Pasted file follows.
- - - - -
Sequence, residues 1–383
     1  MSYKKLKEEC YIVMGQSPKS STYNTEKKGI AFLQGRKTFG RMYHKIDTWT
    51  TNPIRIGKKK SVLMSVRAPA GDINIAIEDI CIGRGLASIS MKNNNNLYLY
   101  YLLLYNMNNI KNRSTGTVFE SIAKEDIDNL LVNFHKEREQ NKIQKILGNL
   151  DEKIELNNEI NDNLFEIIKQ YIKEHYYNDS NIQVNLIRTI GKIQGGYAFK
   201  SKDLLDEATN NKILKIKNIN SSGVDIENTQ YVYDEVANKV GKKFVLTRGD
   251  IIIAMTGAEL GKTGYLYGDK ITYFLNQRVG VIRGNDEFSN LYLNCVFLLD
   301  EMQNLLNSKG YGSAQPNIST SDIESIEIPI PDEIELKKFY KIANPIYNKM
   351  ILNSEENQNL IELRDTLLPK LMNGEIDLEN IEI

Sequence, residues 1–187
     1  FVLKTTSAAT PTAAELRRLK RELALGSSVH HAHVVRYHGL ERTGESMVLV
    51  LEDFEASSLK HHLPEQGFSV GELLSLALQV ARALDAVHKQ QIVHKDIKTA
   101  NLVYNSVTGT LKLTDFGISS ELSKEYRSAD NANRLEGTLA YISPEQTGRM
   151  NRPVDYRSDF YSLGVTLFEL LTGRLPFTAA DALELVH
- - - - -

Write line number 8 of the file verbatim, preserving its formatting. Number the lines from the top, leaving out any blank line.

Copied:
   301  EMQNLLNSKG YGSAQPNIST SDIESIEIPI PDEIELKKFY KIANPIYNKM